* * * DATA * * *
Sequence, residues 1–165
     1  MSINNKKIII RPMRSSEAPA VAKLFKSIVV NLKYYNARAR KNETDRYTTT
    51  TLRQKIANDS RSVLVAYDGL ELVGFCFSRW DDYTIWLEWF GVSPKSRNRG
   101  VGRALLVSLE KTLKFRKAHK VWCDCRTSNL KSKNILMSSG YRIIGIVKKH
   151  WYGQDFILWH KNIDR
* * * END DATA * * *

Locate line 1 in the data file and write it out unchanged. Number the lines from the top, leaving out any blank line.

Sequence, residues 1–165